The Neon Demon

by Alan Rapp on June 27, 2016

in Movie Reviews 

  • Title: The Neon Demon
  • IMDb: link

“Beauty isn’t everything. It’s the only thing.”

The Neon DemonIn what is likely going to be one of the more divisive films of 2016, the latest from writer/director Nicolas Winding Refn (Drive) casts Elle Fanning as a naive 16 year-old girl just breaking into the model business in Los Angeles. Blessed with an ineffable quality no one can quite explain, Jesse (Fanning) soon becomes the hot new girl, much to the dismay of a pair of models (Bella Heathcote and Abbey Lee) seeing their careers flash before their eyes.

Jesse’s journey will lead her into contact with a wide variety of people including her creepy apartment manager (Keanu Reeves), jealous models, designers, photographers (Desmond Harrington and Karl Glusman), and a makeup artist (Jena Malone) all of whom want something from the young woman.

Refn’s film is a metaphor for how the modeling industry celebrates physical beauty in the absence of any other quality while slowly devouring the very objects of their devotion. The film takes the metaphor one step too far in the final act leaving the film with an ending that satisfies the movie’s message but not necessarily the audience.

The Neon Demon is stunning. The movie includes the top half-dozen most visually-interesting shots of the year so far. Natasha Braier (The Rover) becomes the early favorite for best cinematography of 2016. Without offering an explanation of what we’re seeing, or why we’re seeing it, Refn attempts to visually express the power of Jesse holds over others and the odd state she taps into when needed. The technique is impressive, but may put off some viewers as Braier and Refn trust the audience to make sense out of what they are seeing rather than explain what exactly happens to Jesse in the neon-lit reality.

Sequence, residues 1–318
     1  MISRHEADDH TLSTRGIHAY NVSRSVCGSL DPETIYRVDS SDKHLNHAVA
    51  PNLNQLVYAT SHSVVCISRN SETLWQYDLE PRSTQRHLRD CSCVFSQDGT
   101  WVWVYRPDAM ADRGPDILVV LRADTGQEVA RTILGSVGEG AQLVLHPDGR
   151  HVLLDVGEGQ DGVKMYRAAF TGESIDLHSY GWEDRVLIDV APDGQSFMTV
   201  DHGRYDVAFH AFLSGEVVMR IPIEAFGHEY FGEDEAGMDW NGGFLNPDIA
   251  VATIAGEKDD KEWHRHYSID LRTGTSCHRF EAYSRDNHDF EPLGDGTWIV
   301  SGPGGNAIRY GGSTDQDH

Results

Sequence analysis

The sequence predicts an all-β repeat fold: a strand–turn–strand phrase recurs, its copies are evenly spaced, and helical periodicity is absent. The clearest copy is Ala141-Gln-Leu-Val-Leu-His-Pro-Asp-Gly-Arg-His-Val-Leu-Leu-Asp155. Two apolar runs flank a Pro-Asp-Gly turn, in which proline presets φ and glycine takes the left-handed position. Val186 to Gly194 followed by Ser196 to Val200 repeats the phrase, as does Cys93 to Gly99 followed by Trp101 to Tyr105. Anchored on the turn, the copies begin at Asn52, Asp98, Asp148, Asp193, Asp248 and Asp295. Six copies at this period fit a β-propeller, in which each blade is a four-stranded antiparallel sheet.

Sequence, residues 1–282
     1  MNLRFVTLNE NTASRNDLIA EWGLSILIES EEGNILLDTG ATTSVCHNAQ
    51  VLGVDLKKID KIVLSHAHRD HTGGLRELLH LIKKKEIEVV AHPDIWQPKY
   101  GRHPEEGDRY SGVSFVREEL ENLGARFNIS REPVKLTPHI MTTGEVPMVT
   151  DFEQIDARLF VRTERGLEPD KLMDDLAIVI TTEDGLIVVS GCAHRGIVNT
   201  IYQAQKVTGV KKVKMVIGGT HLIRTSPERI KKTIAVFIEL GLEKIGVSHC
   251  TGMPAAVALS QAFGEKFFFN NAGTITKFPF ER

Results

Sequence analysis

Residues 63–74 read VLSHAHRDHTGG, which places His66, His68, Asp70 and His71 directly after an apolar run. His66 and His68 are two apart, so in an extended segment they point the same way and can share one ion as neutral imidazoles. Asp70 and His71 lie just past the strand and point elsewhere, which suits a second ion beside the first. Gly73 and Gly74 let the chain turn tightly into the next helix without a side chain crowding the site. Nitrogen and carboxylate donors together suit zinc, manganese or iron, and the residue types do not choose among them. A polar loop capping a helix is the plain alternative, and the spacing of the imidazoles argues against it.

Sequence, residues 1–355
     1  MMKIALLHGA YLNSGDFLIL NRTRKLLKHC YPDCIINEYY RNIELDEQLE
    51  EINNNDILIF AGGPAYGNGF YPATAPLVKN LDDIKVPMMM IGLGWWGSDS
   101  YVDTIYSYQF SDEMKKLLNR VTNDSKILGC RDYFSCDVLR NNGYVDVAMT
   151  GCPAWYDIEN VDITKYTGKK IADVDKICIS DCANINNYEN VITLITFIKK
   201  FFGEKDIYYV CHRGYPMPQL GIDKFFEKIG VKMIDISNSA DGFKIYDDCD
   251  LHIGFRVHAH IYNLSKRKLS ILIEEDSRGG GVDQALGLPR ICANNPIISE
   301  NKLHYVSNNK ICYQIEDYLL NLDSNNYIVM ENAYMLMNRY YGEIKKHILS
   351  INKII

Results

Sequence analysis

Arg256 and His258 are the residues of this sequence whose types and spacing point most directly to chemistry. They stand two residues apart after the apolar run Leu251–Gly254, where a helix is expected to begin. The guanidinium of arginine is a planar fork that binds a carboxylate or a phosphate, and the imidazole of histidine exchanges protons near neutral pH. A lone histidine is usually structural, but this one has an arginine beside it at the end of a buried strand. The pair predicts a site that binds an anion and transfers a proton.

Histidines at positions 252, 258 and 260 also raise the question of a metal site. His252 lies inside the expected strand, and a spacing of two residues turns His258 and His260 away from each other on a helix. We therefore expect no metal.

The Neon Demon

While the script doesn’t quite elucidate what Jesse has that the other models lack (other than the fact that she’s both younger and newer than the faces already seen in magazines and runways), her power over both men and women (and its consequences) can’t be ignored. Heathcoate and Lee are both unquestionably beautiful women (arguably more physically attractive than Fanning), but Jesse has the illusive “it” that designers and photographers covet, leaving the other models to seethe in their jealousy.

Fanning is well-cast in the role of an naive, but hardly innocent, protagonist. Jesse understands, at least on some basic level, the power she holds and how she can use it to garner money and fame. The more success she finds only creates stronger lust in those who desire her while strengthening the hatred of those jealous with what comes so easily to her. The movie climaxes one beat too early, leading to a bizarre final act in which Refn steps over the line arguably becoming as pretentious as his characters. Even with this troubling flaw, The Neon Demon is one of the most memorable movies of 2016 so far.

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